A craft I'm interested in is action figure customization. Basically, you can utilize new or old action figures and you take them apart and combine/mix-and-match them while also adding custom sculpts, paint, etc.

One problem I have with some of the joints I'm working with is that they simply won't move. Due to time on the shelf, and often paint application between the joints, they get so stiff that the force it takes to "break" the seal actually breaks the joint.

There's a hot water trick, where you can run the figure under hot running water or dip it in a bowl of hot water, but this process also softens the plastic which can lead to bending and stretching in ways that can be permanent.

I've also tried adding lubricant, such as mineral oil, to the joints, but some times it's so hard to swivel the joint to even get the lubricant into the space that I'm worried that process will break it just as well.

I'd prefer a permanent fix. Most of the frozen joints will end up re-used as-is (for instance, a frozen elbow, but the entire arm is being transferred to a new figure), so a solution to initially free up the joint and then steps necessary to keep it free.


WD-40 and similar oils contain solvents, which would most likely strip the paint off your model.

A "dry" bike-chain oil will do well to reduce friction.

However the teflon particles are dispersed in a solvent, so it's hard to say how it might effect the paint.

If you go this route, use a toothpick to apply to the inside of the knuckles, for precision without dripping all over the rest of your model.

A light sewing-machine oil should also be suitable. They tend to penetrate well without any added solvents.


I would think a toothpick would be safer than an x-acto knife because the toothpick would "give" if you apply too much pressure, smooshing down before your plastic does.

If it's not strong enough, you can go the X-acto route, or craft pick; a compass point might do.

My main thought was that the toothpick would hold a drop of oil well, like a candlewick does, plus it's fine enough to get inside.

You could cut the cotton off a Q-tip at an angle and wedge some oil in there that way if you like.

Again, being softer than the plastic, it should bend before damage is done to your model.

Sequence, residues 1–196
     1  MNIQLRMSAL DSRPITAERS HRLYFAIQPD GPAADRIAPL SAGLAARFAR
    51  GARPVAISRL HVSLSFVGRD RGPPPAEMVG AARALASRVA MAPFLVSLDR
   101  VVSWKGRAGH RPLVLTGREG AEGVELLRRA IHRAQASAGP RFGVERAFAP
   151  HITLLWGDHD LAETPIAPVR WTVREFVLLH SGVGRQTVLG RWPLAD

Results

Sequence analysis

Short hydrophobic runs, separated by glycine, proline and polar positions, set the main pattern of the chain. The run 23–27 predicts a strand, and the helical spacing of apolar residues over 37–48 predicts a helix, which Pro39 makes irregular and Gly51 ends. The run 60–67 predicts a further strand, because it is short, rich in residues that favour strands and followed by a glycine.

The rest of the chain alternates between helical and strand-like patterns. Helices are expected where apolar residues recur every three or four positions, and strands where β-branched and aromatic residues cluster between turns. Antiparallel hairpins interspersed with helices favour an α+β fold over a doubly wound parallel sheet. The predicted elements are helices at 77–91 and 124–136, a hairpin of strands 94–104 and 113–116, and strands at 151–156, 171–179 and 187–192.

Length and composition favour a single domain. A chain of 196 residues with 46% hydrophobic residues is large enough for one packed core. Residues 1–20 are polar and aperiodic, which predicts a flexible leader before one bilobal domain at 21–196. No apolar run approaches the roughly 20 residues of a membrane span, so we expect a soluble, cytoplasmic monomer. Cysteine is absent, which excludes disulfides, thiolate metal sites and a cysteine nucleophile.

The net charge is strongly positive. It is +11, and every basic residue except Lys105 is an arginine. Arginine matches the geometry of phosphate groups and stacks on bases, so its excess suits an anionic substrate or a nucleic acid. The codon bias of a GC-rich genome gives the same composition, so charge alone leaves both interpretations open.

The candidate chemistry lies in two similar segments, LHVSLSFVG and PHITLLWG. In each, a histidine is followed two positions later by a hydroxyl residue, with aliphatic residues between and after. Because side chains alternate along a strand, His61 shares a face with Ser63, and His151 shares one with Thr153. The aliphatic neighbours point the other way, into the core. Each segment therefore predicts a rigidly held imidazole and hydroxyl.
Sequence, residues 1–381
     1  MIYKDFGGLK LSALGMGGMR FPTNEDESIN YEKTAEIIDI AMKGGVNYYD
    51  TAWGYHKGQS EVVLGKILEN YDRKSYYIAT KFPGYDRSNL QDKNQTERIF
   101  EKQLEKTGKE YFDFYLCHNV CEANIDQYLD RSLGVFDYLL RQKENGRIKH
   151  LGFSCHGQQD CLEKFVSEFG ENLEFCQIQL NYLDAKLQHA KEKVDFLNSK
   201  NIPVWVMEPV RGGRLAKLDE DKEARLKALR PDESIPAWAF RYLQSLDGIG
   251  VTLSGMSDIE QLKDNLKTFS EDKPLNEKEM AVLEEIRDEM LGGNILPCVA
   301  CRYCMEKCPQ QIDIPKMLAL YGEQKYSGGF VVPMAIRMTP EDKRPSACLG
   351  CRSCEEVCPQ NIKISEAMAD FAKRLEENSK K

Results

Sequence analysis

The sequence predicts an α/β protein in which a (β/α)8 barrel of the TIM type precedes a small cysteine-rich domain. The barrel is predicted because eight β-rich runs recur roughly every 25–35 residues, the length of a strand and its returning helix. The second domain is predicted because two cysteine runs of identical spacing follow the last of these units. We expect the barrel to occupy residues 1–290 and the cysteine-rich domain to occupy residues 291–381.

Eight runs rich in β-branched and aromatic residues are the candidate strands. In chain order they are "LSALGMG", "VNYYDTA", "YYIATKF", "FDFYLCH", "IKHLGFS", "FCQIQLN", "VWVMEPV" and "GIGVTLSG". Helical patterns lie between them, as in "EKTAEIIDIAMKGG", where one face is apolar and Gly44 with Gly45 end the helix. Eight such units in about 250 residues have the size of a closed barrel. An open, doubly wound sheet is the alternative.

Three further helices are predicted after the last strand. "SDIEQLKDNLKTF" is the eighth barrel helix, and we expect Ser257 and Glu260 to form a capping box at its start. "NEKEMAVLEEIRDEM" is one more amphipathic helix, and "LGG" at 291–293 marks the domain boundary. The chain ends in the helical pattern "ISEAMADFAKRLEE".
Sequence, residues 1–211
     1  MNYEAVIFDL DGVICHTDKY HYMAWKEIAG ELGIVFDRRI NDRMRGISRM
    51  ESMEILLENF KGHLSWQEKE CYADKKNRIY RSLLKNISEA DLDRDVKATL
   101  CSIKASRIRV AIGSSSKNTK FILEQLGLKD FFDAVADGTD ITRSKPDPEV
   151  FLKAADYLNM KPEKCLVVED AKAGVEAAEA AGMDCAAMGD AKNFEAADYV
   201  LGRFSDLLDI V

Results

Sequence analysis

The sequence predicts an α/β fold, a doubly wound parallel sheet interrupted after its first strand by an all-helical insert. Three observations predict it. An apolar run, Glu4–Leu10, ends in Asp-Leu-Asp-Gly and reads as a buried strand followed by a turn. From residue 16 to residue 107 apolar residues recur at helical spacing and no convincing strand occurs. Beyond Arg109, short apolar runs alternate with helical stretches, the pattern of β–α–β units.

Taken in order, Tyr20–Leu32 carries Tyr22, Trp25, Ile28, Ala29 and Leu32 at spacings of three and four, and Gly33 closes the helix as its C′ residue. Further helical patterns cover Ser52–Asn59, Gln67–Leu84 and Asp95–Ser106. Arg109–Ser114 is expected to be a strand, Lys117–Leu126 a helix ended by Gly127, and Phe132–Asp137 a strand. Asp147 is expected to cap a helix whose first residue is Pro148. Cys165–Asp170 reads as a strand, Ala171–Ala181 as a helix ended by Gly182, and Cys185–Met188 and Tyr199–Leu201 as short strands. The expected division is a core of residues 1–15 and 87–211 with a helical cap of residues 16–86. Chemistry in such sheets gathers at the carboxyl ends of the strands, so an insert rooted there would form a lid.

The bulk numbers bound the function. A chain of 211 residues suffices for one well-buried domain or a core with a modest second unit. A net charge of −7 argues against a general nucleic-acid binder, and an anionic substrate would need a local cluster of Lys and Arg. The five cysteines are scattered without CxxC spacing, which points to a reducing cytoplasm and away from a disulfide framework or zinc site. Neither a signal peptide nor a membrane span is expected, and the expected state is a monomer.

Don't expect it to crack instantly. Just keep wiggling the oil in there for a while 'till it gives.

You're right about the hot water trick. If kept low it should be OK. Like 100°F. You know, baby-water warm. Hot, not scalding. If you need it in there for a long period of time, maybe set a pot of water on one of those coffee/candle-warmer pads.

Put model in a freezer-bag and do it sous-vide style, so it doesn't get completely soaked. Put something heavy in the bottom of the bag so it doesn't float.

| improve this answer | |
  • So the toothpick is use as simply an applicator, or are you suggesting prying open the joints with it, too, to open up some space? Part of my issue is that I can't even open up a gap for the oil to move into. – user24 Mar 14 '17 at 1:24
  • Ah, sous-vide style is a good idea! I meant to ask about parts for figures that contain metal in their joints, and that would solve it. Also, a heads-up on formatting here, extra spaces after lines creates a line break and it was making it harder to read your answer so I improved (I think) the formatting. – user24 Mar 14 '17 at 2:00
  • I'm dyslexic. It's hard for me to read/write long blocks of text, so I split lines into smaller segments that are easier for me. Sorry if it caused confusion, but it's easier for me to get thoughts out that way. – Doyousketch2 Mar 14 '17 at 2:09
  • It's fine. If don't mind the changes, you can leave them. Another solution is that if you hit the enter key once for a new line, just once, it won't actually put a new line unless you put two spaces before it. So, you can chunk up your writing in the editor without it being chunked in the final formatting. Whatever helps you! – user24 Mar 14 '17 at 2:18
  • I assume 100° means 100°F, not 100°C. We are a world wide site, it would be nice to have the F or C with all temperatures here. – Willeke Mar 14 '17 at 21:22

Your Answer

By clicking “Post Your Answer”, you agree to our terms of service, privacy policy and cookie policy